You can read 19 more articles this month
TALKS to agree compensation for blacklisted construction workers are close to collapse.
General union GMB says the settlement proposed by eight firms at the heart of the scandal is “grossly inadequate” considering the blight on the lives of those victimised by the practice.
Organised blacklisting was exposed in 2009 following a raid by government officials on the offices of the Consulting Association which uncovered that it had given firms information on 3,213 construction workers and environmental activists.
In October 2013, eight blacklisting companies — Balfour Beatty, Carillion, Costain, Kier, Laing O’Rourke, Sir Robert McAlpine, Skanska UK and Vinci PLC — set up the Construction Workers Compensation Scheme to compensate blacklist victims. Negotiations with construction unions began.
The companies plan to provide £15 million to £20m says GMB.
A share-out between all victims would mean compensation of £16,000 to £20,000 for what for some was a working lifetime of struggle to find jobs and feed families.
The eight companies have a collective turnover of more than £34 billion and pre-tax profits of £1.04bn, says GMB.
Paul Kenny, GMB general secretary, said: “The GMB central executive council has been updated on progress in the talks which are now on the brink of breaking down.
“GMB consider that the main stumbling block is the amount of compensation being offered to the victims of blacklisting in whatever form that took.
“The total current cash envelope for fast-track compensation we estimate is between £15m and £20m. That is less than £3m per company.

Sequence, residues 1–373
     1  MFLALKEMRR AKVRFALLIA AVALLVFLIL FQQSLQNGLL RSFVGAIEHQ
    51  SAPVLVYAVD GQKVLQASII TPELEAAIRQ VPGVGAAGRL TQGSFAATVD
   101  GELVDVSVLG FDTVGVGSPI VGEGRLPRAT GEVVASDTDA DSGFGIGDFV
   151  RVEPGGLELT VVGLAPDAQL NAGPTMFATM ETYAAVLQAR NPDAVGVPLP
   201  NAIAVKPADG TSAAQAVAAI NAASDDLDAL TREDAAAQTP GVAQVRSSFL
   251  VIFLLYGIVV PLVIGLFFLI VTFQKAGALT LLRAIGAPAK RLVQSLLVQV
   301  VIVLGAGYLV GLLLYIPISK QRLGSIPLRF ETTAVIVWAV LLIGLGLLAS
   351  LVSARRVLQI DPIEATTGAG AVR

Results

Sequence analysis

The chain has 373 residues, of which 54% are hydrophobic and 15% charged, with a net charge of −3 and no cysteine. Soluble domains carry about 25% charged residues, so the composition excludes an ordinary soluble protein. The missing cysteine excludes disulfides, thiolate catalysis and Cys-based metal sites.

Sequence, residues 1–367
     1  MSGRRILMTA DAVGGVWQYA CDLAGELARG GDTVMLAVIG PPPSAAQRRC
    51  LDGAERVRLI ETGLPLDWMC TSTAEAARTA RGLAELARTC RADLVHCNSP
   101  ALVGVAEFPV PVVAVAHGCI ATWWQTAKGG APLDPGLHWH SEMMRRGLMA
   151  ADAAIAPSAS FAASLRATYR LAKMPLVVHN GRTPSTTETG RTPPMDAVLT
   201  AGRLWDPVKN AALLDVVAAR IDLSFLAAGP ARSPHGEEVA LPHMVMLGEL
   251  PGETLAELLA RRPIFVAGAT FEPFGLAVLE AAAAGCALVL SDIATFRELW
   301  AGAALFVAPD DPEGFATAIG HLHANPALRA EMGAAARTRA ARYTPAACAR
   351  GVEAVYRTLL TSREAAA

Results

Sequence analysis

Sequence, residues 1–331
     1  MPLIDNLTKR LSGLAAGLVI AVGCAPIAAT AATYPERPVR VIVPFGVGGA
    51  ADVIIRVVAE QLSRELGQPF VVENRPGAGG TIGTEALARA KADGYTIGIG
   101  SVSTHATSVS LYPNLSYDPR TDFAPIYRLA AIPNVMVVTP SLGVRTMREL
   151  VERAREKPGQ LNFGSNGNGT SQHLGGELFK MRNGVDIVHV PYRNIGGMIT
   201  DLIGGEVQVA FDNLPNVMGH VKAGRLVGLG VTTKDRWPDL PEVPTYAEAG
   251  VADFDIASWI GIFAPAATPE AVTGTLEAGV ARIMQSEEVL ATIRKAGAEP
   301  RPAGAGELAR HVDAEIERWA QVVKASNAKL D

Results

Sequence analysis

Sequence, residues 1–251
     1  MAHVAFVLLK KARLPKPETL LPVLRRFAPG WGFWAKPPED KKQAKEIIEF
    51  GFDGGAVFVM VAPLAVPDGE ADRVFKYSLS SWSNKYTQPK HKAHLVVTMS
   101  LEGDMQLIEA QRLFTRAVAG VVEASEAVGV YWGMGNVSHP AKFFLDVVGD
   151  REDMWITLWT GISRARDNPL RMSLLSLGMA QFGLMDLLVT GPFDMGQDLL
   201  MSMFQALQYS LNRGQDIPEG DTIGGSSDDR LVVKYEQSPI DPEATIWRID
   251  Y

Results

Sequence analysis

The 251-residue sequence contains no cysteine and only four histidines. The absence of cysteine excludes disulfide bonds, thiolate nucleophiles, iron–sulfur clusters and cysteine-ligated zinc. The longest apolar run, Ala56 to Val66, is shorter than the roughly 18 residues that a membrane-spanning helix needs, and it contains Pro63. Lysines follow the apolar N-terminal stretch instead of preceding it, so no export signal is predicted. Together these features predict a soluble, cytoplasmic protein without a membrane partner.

“This is grossly inadequate to deal with the devastating damage inflicted on people in their working lives and the colossal invasion of their privacy.
“This compensation offer is not an act of contrition, it is a PR stunt. My advice is that the companies should get serious and make proper restitution and close the book on this shameful chapter.
“The talks should not break down over the size of the cash envelope. The employers have to own up, clean up and pay up.”
Worst-hit centres in the blacklisting scandal were the City of London with 454 victims, Manchester (183), Merseyside (173) and Glasgow (140).
You can’t buy a revolution, but you can help the only daily paper in Britain that’s fighting for one by joining the 501 club.
Just £5 a month gives you the opportunity to win one of 17 prizes, from £25 to the £501 jackpot.
By becoming a 501 Club member you are helping the Morning Star cover its printing, distribution and staff costs — help keep our paper thriving by joining!
You can’t buy a revolution, but you can help the only daily paper in Britain that’s fighting for one by become a member of the People’s Printing Press Society.
The Morning Star is a readers’ co-operative, which means you can become an owner of the paper too by buying shares in the society.
Shares are £1 each — though unlike capitalist firms, each shareholder has an equal say. Money from shares contributes directly to keep our paper thriving.
Some union branches have taken out shares of over £500 and individuals over £100.
You can’t buy a revolution, but you can help the only daily paper in Britain that’s fighting for one by donating to the Fighting Fund.
The Morning Star is unique, as a lone socialist voice in a sea of corporate media. We offer a platform for those who would otherwise never be listened to, coverage of stories that would otherwise be buried.
The rich don’t like us, and they don’t advertise with us, so we rely on you, our readers and friends. With a regular donation to our monthly Fighting Fund, we can continue to thumb our noses at the fat cats and tell truth to power.
Donate today and make a regular contribution.